Now that the federal government is set to spend tens of billions of dollars of stimulus money on the new green economy, which industries are going to get the most stimulation?
A new report from research firm IDC says that renewable energy is set to receive the lion's share of new revenues – but that smart grid and energy efficiency companies should expect a decent jolt as well.
The IDC study found that $787 billion stimulus package signed into law by President Barack Obama last month is likely to generate $77.6 billion in sales for the broader green energy industry, according to Bloomberg.
Of that, about $66 billion will head towards renewable energy, the firm found. Energy efficiency improvements, like programmable thermostats and building energy management systems, could garner $3 billion in sales from stimulus spending.
Another $8.6 billion will be directed toward so-called "smart grid" equipment and technology to add two-way digital communication and controls to the nation's electricity transmission and distribution system, IDC found.
But just how these different sectors will get a hold of that stimulus to boost their revenues is still being worked out – and that has a lot of observers wondering whether or not the pie might be sliced a little bit differently.
Take smart grid. The stimulus package specifically addresses $11 billion toward smart grid, including $4.5 billion in matching grants for smart grid projects to be chosen by the Department of Energy in a process that's still being worked out (see Obama Signs Stimulus Package).
But several other pots of stimulus money could also be open to smart grid companies, which could double that $8.6 billion in projected revenue growth, Jesse Berst, head of smart grid consulting firm GlobalSmartEnergy, said in a recent online analysis.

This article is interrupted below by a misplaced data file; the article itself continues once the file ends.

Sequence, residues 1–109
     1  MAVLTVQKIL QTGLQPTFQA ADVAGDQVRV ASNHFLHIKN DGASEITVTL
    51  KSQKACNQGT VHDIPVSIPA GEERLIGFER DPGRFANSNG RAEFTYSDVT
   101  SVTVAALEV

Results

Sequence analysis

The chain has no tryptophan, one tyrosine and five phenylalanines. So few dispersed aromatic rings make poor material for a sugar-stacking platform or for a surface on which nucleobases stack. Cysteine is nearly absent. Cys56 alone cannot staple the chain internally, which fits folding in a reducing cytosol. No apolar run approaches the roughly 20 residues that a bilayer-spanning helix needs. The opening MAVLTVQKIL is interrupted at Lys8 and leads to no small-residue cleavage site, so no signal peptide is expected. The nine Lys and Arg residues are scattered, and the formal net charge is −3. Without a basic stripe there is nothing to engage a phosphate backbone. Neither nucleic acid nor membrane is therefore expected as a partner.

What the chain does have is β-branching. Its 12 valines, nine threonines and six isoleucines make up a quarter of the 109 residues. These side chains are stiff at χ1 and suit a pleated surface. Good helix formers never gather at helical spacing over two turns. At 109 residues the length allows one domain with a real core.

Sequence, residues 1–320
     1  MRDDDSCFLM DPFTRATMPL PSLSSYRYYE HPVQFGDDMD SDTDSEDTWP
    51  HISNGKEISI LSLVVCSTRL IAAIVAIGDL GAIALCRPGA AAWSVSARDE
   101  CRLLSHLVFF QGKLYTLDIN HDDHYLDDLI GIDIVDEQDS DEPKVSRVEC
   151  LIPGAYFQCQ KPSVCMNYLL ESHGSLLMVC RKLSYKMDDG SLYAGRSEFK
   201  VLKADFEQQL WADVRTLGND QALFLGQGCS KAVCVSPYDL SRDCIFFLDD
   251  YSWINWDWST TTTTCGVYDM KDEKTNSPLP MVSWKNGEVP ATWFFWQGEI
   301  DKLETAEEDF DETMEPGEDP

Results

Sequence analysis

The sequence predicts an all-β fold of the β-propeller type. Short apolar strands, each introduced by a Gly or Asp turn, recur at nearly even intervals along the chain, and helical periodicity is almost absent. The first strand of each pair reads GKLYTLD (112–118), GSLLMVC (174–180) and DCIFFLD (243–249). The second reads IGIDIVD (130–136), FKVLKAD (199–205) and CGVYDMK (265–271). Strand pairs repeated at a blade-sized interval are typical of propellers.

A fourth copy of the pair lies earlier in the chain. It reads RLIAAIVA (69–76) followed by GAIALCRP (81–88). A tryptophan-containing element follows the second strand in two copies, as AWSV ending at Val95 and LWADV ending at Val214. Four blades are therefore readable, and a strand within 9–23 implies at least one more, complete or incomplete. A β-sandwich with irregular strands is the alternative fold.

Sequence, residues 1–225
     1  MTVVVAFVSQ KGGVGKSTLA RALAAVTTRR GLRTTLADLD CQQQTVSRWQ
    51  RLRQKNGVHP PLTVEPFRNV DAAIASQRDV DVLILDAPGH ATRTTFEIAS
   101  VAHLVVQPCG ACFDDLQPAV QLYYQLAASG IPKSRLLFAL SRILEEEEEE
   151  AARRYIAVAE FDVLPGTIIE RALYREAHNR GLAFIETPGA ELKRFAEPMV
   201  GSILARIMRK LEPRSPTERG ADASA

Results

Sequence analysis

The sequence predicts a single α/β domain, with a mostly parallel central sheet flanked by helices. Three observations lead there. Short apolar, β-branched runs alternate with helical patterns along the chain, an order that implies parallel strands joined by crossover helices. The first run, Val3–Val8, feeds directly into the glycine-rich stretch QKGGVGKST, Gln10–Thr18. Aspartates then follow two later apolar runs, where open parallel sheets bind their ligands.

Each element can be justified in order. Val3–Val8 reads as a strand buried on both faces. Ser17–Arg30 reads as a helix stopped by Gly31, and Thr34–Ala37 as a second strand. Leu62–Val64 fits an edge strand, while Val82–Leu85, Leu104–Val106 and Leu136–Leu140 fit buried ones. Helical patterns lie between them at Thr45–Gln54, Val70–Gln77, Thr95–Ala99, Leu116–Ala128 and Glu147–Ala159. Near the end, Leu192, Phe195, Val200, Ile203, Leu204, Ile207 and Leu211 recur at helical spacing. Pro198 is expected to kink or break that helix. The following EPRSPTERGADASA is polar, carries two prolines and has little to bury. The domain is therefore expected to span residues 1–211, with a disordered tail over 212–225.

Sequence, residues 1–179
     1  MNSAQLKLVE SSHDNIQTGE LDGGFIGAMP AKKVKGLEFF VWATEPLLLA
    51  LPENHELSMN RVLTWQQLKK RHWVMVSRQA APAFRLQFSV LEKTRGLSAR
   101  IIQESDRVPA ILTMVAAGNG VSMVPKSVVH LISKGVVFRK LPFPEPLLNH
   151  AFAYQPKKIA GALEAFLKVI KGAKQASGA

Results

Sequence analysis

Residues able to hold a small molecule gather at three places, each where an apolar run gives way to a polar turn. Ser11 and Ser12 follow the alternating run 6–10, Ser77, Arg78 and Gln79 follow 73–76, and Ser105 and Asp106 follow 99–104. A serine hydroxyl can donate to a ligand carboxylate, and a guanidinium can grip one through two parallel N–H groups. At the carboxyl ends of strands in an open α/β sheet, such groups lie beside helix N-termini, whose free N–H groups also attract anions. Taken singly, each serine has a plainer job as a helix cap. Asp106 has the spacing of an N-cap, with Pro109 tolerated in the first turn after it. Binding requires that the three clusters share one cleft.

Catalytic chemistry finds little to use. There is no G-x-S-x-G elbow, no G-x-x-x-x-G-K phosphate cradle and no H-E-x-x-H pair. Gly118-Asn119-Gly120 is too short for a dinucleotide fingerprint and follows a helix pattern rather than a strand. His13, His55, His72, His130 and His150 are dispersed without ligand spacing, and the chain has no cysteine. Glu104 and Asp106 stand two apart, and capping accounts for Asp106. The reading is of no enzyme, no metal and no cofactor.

One example is the $7.2 billion set aside for expanding broadband services to underserved areas, he said. Utilities and partner companies that can show bringing smart grid services to rural areas also includes a broadband component could benefit from that, Berst said – an option that giants like IBM are already considering (see Broadband Over Powerline Brings Smart Grid to Rural Areas).
Likewise, smart grid-related projects that can fulfill a request to "improve energy efficiency in the transportation, building and other appropriate sectors" could seek a piece of the $3.2 billion to be distributed by states through energy efficiency and conservation block grants, Berst wrote.
The stimulus package's $6.5 billion increase in loan authority for the Bonneville Power Administration and Western Area Power Administration is likely to boost spending by those two federal generators and distributors of hydropower electricity, Berst noted.
Energy efficiency might also see a benefit beyond its relatively small share of the stimulus pie, because energy efficiency companies aren't likely to have the same large up-front capital requirements to get going, several observers note (see Best Greentech Exit Strategy: Go Into Energy Efficiency).